More recently, San Sebastián has become just as well known for its pintxo (Basque tapas) bars, where glasses of Txakoli wine line the counter and plates of grilled octopus fly out of boisterous kitchens. It has a small constellation of Michelin-starred restaurants and more stars per square metre than anywhere else in the world save Kyoto, yet it’s healthy and active too. The local donostiarra seem as keen on cycling, swimming and coastal walks as lazy lunches washed down with rioja.
Each September, Hollywood comes to town for the glitzy international film festival. Modernist sculptures by Basque artists dot the seafront and take pride of place in the San Telmo Museoa, built around the honey-coloured cloisters of a Dominican convent. And, as if you needed another excuse to visit, San Sebastián has spent the past few years preening itself for its tenure as one of 2016’s European Capitals of Culture (ECC) – meaning it’s never looked better.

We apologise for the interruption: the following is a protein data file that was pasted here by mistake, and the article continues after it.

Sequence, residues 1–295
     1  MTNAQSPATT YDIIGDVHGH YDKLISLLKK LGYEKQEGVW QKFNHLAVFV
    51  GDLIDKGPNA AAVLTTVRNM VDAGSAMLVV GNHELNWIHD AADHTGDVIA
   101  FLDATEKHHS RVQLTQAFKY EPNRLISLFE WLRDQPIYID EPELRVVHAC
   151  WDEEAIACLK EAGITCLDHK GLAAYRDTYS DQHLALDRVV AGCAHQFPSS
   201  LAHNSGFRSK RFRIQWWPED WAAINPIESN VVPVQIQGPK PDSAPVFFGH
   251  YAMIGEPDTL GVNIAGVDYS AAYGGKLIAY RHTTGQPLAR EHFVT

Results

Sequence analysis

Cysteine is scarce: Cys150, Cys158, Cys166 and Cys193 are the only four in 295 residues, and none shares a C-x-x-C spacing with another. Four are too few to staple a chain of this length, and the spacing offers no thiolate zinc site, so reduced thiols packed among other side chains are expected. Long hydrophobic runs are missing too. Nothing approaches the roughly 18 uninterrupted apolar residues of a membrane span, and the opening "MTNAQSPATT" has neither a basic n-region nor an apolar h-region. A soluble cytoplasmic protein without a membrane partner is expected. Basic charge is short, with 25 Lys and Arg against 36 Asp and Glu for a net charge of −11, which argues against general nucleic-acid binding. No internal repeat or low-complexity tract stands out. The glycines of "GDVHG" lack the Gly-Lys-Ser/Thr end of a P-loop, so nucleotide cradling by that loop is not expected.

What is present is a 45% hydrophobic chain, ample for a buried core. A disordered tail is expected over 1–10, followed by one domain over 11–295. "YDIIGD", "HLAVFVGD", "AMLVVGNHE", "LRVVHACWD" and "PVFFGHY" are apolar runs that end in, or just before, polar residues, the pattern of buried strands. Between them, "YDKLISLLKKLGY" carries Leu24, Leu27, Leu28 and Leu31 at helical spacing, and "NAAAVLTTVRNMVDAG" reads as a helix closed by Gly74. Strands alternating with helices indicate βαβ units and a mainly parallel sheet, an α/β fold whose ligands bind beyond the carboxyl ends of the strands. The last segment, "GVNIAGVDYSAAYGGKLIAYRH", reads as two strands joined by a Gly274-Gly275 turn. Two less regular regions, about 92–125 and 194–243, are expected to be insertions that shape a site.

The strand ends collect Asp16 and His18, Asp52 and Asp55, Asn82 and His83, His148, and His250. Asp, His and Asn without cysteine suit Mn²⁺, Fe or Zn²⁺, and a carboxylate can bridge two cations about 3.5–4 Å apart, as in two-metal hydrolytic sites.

Throughout the year, the city’s programme of ECC events
will be heavy on traditional Basque pursuits – everything from drumming to feasting. Which was how I ended up in a 16th-century farmhouse, drinking local cider from a barrel, eating walnuts and sheep’s cheese with Juancho and a crowd of locals, and promising that I would come back. It’s an easy promise to make. In truth, it was leaving San Sebastián that was the hard part.
Essential info When to go:
Year-round, though the city is busiest in high summer and during the September film festival